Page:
Is your Club or Group looking for an inspiring guest speaker or do you want to host a book signing? . . . Contact Woody today!
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For a Personalized Autographed copy of “STRAWBERRIES IN WINTERTIME” or “WOODEN & ME” mail a check for $25 to:
400 Roosevelt Court
Ventura, CA 93003
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By Day’s End, It Was Nearly Perfect
The airplane was coming in damaged and ablaze.
The pilot needed to land on the aircraft carrier’s flight deck, a tiny postage stamp in the middle of the ocean, and additionally had to snag the tailhook on the arresting wire to keep from skidding off.
Moreover, the pilot would have only one try. If he came in at the wrong angle, the wrong incline, the wrong speed, there would be no time for a second approach.
There actually proved nearly not time enough for one attempt: mere seconds after the pilot landed perfectly and escaped the cockpit quickly, the plane became a fireball.
The heart-skipping adventure was related to me by my luncheon seatmate, himself a hero in a “Vietnam Veteran” hat and buddy of the pilot, before I was to get up and share stories about John Wooden. I think my seatmate rightly should have been given the microphone as the day’s guest speaker.
The top block of Coach Wooden’s famous Pyramid of Success is “Competitive Greatness” which he defined thusly: “Be at your best when your best is needed.” Hearing the harrowing fireball tale, I told my seatmate: “That is truly being at your best when your best is needed!”
As generally happens when I am asked to give a talk, I wind up on the receiving end. This time, not only did I leave with a new tale to share about true “Competitive Greatness” but I also departed with a new book – “Coach Wooden and Me” by Kareem Abdul-Jabbar, an unexpected gift from my storytelling seatmate, Tom McEachern.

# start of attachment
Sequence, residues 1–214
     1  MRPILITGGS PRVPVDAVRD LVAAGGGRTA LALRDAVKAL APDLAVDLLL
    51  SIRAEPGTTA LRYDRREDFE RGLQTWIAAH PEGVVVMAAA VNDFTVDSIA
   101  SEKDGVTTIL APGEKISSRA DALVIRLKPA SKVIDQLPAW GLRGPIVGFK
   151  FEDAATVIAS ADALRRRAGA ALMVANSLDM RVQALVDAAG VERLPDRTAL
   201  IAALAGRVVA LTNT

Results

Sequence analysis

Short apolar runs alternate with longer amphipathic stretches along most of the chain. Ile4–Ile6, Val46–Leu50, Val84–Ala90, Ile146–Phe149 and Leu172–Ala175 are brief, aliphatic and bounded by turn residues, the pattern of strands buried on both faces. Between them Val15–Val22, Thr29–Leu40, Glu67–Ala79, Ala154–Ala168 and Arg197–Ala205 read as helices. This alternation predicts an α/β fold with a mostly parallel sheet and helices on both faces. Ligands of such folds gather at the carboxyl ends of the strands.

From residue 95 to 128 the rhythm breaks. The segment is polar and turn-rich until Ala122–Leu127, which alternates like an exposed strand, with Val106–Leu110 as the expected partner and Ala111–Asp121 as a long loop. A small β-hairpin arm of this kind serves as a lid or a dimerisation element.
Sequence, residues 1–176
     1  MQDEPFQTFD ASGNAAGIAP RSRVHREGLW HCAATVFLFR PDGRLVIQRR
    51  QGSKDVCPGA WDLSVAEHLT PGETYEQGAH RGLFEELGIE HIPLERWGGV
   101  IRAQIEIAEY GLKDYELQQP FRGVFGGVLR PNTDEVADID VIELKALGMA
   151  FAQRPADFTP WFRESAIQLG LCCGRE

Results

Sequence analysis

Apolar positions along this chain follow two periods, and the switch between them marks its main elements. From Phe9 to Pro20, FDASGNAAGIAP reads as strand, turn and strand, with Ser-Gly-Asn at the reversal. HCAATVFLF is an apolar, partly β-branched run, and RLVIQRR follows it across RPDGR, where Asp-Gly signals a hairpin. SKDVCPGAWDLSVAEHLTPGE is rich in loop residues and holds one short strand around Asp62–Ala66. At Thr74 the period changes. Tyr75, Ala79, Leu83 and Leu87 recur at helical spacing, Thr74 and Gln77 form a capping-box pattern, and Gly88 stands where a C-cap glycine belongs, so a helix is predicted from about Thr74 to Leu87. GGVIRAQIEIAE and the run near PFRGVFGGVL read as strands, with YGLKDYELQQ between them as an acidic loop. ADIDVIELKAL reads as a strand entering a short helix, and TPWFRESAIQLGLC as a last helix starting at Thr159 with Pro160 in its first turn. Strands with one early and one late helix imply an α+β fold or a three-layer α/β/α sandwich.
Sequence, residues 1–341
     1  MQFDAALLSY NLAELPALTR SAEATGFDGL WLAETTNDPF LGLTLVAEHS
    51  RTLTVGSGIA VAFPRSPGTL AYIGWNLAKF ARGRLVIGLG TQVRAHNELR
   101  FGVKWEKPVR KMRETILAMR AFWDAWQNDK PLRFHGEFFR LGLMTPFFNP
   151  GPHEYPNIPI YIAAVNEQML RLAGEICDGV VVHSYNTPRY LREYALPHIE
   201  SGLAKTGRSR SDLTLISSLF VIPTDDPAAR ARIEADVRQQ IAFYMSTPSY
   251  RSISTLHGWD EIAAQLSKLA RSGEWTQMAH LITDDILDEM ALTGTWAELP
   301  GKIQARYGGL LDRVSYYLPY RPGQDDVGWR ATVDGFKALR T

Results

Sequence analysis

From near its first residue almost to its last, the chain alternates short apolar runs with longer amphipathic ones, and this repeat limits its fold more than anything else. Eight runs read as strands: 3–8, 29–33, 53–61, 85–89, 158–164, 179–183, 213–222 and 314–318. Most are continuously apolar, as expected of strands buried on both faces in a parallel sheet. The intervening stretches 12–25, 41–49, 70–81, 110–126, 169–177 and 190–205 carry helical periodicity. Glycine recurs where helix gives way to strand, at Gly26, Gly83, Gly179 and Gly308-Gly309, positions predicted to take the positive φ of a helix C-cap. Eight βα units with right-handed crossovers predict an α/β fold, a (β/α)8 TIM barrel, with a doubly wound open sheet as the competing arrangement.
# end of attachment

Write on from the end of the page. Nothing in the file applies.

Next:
Making Tom’s thoughtfulness all the more special was that it mimicked a kindness Coach Wooden once did me. As I was leaving his home at the end of an afternoon visit, he excused himself to go to his study and returned with a book as a gift.
I thanked Coach, but embarrassingly told him he had already given me too many gifts in the past. I insisted he keep the book and that I would happily stop at the bookstore on my way home to buy my own copy.
Smiling wryly, Coach said: “Well, Woody, I can’t very well give it to anyone else because I’ve already signed it to you.”
We shared a laugh before Coach rejoined: “I still want you to stop at the bookstore to buy an extra copy and give it to a friend for no reason.”
In other words, in Wooden-ism words: “Make friendship a fine art.”
Tom had not known this story before buying me a gift book, but after hearing me share the anecdote during my talk he did a second Wooden-like thing: he had me sign an extra copy of my memoir “Wooden & Me” to give to one of his friends for no reason.
Later that same day, another Wooden-ism I shared with the audience returned to mind: “You cannot live a perfect day until you do something for someone else who will never be able to repay you.”
Inspired by Coach, and by Tom, and most specifically by a young man in Chicago – who I mentioned in this space a month ago after he gave the expensive winter boots off his own feet to a homeless man with tattered sneakers – I gave a nearly new pair of running shoes to a local homeless man because his shoes had deteriorated so greatly they afforded less protection than flip-flops.
Truth is, I received far more than I gave.
On this same day still, and returning full circle to books, a friend told me she was donating some new books to a Little Free Library on my behalf.
I am not sure it is possible to live a perfect day, but this one was definitely a very, very good one.
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Woody Woodburn writes a weekly column for The Ventura County Star and can be contacted at WoodyWriter@gmail.com.
Check out my memoir WOODEN & ME: Life Lessons from My Two-Decade Friendship with the Legendary Coach and Humanitarian to Help “Make Each Day Your Masterpiece” and my essay collection “Strawberries in Wintertime: Essays on Life, Love, and Laughter” …